In a small immigration cell somewhere in San Francisco — with nothing but a window, door, toilet and three other women also bound for the border — Josefina Velasquez sank deep into despair.
Her cellmates offered no solace. They echoed what immigration officials told Velasquez just before putting her in the cell.
"We're all headed to Arizona," they said. After that, there would be a final trip across the Mexican border. "There's nothing you can do about it."
Velasquez, 36, whose belief in God was rooted in tradition rather than spiritual faith, thought of her son, her daughter and her husband back in Sonoma County and fell to her knees.
"God, if you really exist, please let me stay, let me stay here with my family," she pleaded. "He got me out of that room."
Velasquez was released on bail. Two years later, she is facing deportation. And like hundreds of thousands of other undocumented immigrants facing removal from the United States, she'll likely need another miracle.
That's because President Barack Obama's promise to rein in the deportation of people without serious criminal records largely has been a failure, according to immigration attorneys and advocates.
In June 2011, the Obama administration announced new ground rules for applying "prosecutorial discretion," or PD for short. The policy would focus immigration enforcement on serious criminals and high-priority immigration violations while allowing vast numbers of families facing deportation to stay in the country.
That November, immigration officials went about the arduous task of reviewing some 300,000 pending deportation cases, applying the new guidelines. Obama critics called the move a pre-election ploy to woo back Latino voters who had become disillusioned with record numbers of deportations under Obama.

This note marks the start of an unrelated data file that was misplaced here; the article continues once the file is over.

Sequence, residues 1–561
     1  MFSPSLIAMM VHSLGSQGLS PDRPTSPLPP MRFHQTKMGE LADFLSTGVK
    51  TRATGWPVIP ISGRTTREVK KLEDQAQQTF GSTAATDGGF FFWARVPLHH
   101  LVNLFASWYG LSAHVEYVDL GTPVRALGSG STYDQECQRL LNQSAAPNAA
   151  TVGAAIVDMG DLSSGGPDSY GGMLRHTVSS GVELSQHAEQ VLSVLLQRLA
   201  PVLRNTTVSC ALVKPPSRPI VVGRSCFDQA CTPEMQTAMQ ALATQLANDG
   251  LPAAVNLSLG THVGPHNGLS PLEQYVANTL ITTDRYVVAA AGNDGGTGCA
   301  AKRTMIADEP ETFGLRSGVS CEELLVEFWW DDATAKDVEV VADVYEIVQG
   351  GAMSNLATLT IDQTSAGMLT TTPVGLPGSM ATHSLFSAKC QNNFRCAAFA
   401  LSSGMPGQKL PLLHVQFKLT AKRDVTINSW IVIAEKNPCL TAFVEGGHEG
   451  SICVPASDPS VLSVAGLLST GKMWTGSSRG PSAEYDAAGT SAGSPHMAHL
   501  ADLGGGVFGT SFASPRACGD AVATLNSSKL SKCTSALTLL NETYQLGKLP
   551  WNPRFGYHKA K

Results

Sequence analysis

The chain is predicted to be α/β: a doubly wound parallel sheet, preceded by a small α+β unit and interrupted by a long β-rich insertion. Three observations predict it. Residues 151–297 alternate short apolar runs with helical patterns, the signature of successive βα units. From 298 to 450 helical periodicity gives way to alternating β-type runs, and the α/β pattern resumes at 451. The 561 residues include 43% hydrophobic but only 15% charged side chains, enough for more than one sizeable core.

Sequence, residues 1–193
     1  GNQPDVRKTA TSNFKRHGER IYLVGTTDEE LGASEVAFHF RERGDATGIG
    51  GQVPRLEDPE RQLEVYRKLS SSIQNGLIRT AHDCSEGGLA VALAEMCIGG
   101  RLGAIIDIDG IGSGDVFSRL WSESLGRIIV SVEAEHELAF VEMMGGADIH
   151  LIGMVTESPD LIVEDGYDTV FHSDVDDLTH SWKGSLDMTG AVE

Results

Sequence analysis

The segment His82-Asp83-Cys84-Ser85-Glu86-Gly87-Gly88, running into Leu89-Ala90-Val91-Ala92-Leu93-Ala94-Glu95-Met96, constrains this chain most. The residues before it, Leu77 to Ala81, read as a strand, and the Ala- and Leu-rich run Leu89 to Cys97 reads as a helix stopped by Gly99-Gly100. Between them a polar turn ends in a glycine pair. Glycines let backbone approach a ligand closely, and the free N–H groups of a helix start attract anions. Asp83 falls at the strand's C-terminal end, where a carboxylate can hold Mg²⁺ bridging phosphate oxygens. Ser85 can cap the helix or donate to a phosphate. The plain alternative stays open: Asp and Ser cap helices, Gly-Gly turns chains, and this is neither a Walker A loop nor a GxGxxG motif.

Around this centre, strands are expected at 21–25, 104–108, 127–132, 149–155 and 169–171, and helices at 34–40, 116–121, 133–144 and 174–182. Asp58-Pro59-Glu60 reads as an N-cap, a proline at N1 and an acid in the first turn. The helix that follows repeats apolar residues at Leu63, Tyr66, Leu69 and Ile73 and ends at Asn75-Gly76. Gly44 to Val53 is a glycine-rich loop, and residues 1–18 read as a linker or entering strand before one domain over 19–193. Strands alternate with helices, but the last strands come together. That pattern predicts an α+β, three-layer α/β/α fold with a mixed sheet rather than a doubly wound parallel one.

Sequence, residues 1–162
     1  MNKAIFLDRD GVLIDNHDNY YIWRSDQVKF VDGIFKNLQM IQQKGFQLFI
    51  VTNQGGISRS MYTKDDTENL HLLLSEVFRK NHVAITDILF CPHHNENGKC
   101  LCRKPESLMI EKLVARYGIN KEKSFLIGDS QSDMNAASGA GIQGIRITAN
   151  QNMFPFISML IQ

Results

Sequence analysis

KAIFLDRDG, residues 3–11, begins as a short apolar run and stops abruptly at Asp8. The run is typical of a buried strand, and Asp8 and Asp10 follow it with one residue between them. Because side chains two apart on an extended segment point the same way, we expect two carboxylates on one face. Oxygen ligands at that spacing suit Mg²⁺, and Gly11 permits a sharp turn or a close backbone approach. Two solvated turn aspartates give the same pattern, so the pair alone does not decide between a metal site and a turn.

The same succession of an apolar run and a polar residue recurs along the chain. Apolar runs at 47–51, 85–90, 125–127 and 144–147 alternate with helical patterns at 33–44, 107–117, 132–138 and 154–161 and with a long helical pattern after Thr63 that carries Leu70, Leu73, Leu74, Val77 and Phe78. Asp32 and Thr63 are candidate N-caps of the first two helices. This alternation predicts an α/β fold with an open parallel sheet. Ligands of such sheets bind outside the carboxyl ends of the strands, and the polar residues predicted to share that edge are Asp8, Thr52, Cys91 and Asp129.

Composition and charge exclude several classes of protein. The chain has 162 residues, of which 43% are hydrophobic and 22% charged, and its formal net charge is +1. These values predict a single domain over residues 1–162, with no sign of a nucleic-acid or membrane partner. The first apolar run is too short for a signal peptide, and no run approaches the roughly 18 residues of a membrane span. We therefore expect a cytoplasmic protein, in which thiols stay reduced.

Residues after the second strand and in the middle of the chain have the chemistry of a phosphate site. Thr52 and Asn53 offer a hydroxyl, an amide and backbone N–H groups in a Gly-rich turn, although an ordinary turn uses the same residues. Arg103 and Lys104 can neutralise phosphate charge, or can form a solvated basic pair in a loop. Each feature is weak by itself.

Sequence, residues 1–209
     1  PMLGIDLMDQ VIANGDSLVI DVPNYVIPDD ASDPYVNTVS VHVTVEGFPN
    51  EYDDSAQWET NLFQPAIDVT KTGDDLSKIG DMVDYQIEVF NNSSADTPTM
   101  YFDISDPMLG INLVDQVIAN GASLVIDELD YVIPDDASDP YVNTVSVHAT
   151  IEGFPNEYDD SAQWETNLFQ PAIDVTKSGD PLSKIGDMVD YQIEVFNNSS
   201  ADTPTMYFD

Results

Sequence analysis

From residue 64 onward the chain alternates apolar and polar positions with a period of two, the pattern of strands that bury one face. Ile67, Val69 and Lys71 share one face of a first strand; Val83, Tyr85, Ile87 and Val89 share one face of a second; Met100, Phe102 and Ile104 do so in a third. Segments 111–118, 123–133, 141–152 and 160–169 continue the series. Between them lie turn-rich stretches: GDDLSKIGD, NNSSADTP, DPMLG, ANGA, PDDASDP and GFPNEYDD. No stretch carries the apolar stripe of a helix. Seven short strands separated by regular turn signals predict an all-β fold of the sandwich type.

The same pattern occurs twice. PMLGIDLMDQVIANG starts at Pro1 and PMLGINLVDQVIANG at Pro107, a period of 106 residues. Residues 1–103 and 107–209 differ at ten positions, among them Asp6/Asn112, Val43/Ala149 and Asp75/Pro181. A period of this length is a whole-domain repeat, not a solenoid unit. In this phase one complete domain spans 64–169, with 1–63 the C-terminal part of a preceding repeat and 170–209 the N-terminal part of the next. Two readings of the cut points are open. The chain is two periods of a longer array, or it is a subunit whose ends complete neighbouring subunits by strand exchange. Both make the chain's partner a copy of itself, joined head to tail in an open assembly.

In its first year, only 2 percent of the deportation cases reviewed under the policy were halted and closed, according to the New York Times. Since then, the PD approval rate has risen across the country, but not by much.
Between September 2012 and July 2013, only 7 percent of the 325,044 deportation cases reviewed by the federal government for leniency have been stopped through PD, according to the Transactional Records Access Clearinghouse, or TRAC, a nonprofit research group based at Syracuse University.
The rate of approval varies widely from one immigration court to the next.
On the high end, for example, PD approvals in immigration courts and processing centers in the U.S. Virgin Islands and Puerto Rico range from 37 percent to 42 percent. In Seattle and San Diego, the removal cases closed through PD both are 24 percent.
But at immigration detention centers in Houston, the approval rate is less than 1 percent. Compared to immigration courts, immigration detention centers in general have much lower rates of exercising prosecutorial discretion, a policy that can be applied by a wide variety of immigration officials at any stage of the enforcement process.
In San Francisco's immigration court — the second-busiest in California after Los Angeles — 6.7 percent of the 19,047 removal cases reviewed have been closed through prosecutorial discretion, or 1,277 cases. Los Angeles has a rate of 12.3 percent.
Federal officials counter that the TRAC data, obtained through the Freedom of Information Act, understates the actual use of prosecutorial discretion.
Immigration and Customs Enforcement officials said the data does not account for all the instances where agents decline to initiate deportation proceedings in the early stages of an encounter with an undocumented immigrant.